A seminal volume on prejudice against children for parents, teachers, psychologists, social workers, policy-makers—anyone concerned with the crucial subject of child welfare.
In this groundbreaking volume on the human rights of children, acclaimed analyst, political theorist, and biographer Elisabeth Young-Bruehl argues that prejudice exists against children as a group and that it is comparable to racism, sexism, and homophobia. This prejudice—“childism”—legitimates and rationalizes a broad continuum of acts that are not “in the best interests of children,” including the often violent extreme of child abuse and neglect. According to Young-Bruehl, reform is possible only if we acknowledge this prejudice in its basic forms and address the motives and cultural forces that drive it, rather than dwell on the various categories of abuse and punishment.
“There will always be individuals and societies that turn on their children," writes Young-Bruehl, “breaking the natural order Aristotle described two and a half millennia ago in his Nichomachean Ethics." In Childism, Young-Bruehl focuses especially on the ways in which Americans have departed from the child-supportive trends of the Great Society and of the United Nations Convention on the Rights of the Child.
Many years in the making, Childism draws upon a wide range of sources, from the literary and philosophical to the legal and psychoanalytic. Woven into this extraordinary volume are case studies that illuminate the profound importance of listening to the victims who have so much to tell us about the visible and invisible ways in which childism is expressed.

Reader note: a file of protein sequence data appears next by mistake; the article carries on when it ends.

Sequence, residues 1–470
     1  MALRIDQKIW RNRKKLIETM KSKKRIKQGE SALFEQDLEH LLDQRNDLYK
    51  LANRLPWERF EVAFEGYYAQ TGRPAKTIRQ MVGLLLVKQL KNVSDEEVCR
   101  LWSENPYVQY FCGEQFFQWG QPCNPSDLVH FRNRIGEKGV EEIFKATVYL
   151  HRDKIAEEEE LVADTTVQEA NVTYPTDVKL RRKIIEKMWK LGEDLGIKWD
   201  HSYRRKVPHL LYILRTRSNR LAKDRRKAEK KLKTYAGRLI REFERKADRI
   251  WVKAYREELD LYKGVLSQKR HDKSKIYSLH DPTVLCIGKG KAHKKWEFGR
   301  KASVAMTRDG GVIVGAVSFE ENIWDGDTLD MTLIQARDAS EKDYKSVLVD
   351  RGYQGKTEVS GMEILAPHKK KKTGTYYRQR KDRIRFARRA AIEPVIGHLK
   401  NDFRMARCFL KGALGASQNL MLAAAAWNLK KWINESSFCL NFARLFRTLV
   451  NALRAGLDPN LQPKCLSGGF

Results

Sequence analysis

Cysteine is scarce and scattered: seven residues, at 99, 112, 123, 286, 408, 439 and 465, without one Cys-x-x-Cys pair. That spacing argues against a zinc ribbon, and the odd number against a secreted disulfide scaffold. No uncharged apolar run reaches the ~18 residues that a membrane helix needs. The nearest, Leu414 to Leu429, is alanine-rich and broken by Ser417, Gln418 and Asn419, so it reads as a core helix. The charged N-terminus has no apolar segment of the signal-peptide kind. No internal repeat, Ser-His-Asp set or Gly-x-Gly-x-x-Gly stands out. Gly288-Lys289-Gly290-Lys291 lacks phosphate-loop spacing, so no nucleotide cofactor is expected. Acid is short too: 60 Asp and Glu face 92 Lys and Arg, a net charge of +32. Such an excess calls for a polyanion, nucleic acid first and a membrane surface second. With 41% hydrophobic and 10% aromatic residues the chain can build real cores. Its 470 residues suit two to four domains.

"This brilliant, provocative book . . . exposes American society’s prejudice against its children—'childism'—and the harm it causes them. . . . A clarion call for urgent action."—Publishers Weekly, Starred Review~Publishers Weekly
"[Childism] concludes with a clarion call for programs of parent education and abuse prevention, for expanded parenting support services, and for closer attention to children’s voices. . . Among the book’s key insights is that many behaviors that we don’t think of as abuse are in fact abusive because they place parental needs above children’s developmental needs."—Steven Mintz, Washington Post~Steven Mintz, Washington Post
"More than a study of child abuse, [Childism] excavates the psychological foundations of destructive attitudes toward children."—Peter Monaghan, Chronicle of Higher Education~Peter Monaghan, Chronicle of Higher Education